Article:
Book Club: Notre-Dame, by Victor Hugo

So, I’ll be honest – this was the very first book I wanted to choose for you, dear readers.  In English it is known as The Hunchback of Notre Dame.  But I feared that picking a 450-page novel as the first book might discourage many and make you feel that I was being a bit too “book clubby” (as Literature majors are often wont to do).  My goal was and is to give you a chance to know Paris well through books, whether you live here now, plan to live here or visit, or never shall.

This book should be required reading for all Parisians, and the inadequacy of the English title has to be addressed first.

The book is not now, nor has it ever been titled, “The Hunchback of” Notre-Dame.  Indeed, I’m glad to see that in the recent Penguin edition there is a pushback on this point.  The story is not about a hunchback.  It is about the power, majesty, and importance of the cathedral of Notre-Dame de Paris.  The entire story is built around it.  At the end of the day, the Hunchback is just a character in that story, but he has been seized upon by Disney and others to be the protagonist in a story about not hating the outcasts of our society – when, laughably, this novel is much darker and less obvious than the after-school special some would have us believe it is.

The trouble with translation is if you get it wrong, you can miss an entire audience.  Sometimes those tweaks are obvious and smart: The Martian was translated into Seul Sur Mars when the movie came out here.  There was also the Kate Winslet/Josh Brolin film Labor Day which was translated as The Last Days of Summer here in France – for one thing – Labor Day is in September in the United States and marks the end of summer – in Europe Labor Day is May 1st and is a marker for summer’s approach.

So somewhere in the 1800s the English translators decided that because a title like Notre-Dame would lead readers to think this was a religious work (though how they could think that with Victor Hugo as the author, I don’t know), they went with “The Hunchback of…”

So, my complaint aside, Notre-Dame is, truly and simply, a masterpiece.  Not only is it among the best works you can read to learn about Paris and its history and layout, but as literature, it is truly great.  It’s part history lesson, part architectural study (via digression), part character examination (both of the French national character and of individuals), and part tortured love story, just to name a few areas that Hugo dips his pen in.

But what stays with me more than anything, and revists me often when my eyes fall upon my favorite object in my beloved city, the church itself, are Hugo’s words.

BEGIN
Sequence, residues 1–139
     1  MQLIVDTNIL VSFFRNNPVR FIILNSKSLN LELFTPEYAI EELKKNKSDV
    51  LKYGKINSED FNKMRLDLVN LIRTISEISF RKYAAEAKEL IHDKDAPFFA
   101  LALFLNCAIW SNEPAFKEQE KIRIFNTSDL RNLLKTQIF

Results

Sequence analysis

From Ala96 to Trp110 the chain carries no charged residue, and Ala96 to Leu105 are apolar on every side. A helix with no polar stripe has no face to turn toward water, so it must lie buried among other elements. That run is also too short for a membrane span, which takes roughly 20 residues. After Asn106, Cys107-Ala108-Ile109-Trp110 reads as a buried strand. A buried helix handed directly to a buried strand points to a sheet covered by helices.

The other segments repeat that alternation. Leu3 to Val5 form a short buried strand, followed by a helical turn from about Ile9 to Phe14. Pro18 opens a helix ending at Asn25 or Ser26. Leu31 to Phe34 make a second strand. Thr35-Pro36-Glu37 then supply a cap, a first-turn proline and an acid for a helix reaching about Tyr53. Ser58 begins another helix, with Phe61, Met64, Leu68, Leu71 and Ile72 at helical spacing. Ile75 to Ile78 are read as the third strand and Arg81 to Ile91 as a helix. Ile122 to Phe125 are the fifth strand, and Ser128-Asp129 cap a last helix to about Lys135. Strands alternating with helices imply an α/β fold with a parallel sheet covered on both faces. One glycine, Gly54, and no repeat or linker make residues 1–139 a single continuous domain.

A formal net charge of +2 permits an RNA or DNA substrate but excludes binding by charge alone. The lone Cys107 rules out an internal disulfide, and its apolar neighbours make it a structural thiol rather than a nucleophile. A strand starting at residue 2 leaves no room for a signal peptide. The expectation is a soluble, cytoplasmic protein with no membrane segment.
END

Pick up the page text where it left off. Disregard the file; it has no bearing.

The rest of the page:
“…a vast symphony of stone, if we may be allowed the expression.  It is the colossal work of a people and one man, like the Iliad or the Romanceros, of which it is a sibling.  It is the prodigious product of the forces of the age in which the fancy of the workman, chastened by the genius of the artist, is seen surging forth in a hundred ways on every stone.  In short, it is a sort of human Creation, powerful and fertile as the Divine Creation, from which it seems to have borrowed its twofold character of variety and eternity.”

On the bells (which rung far more often in Hugo’s day)…

“This is truly an opera well worth listening to.  Normally the noises that Paris makes in the daytime represent the city talking; at night the city breathes.  In this case the city sings.  Lend your ear then to this tutti of steeples; listen to the buzzing of half a million human beings, the eternal murmur of the river, the infinite breathing of the wind, the grave and distant quartet of the four forests placed like immense organs on the four hills of the horizon.  Soften, as with a demi-tint, all that is too shrill and too harsh in the central mass of sound – and say if you know anything in the world more rich, more joyful, more golden, more overwhelming than that tumult of bells, than that furnace of music, than those ten thousand voices of bronze singing all at once from flutes of stone three hundred feet high, than that city which has become an orchestra, than that symphony which roars like a storm.”

On the fact that prior to the printing press, cathedrals were at once our great books and libraries…

“Let no one be deceived, architecture is dead, with no ghost to return, killed by the printed book because it did not last as long and cost more…A book is quickly made, costs so little, and may go so far!  Is it surprising all human thought should flow down that slope?…architecture will no more be the social, collective, dominant art.  The great poem, the great work of humankind will never again be built, but printed…When one tries to grasp a complete image of all the products of printing to our days, does not the whole appear to us like an immense construction, resting on the world…it is the anthill of intelligence.  It is the hive to which every kind of imagination, those golden bees, brings its honey.”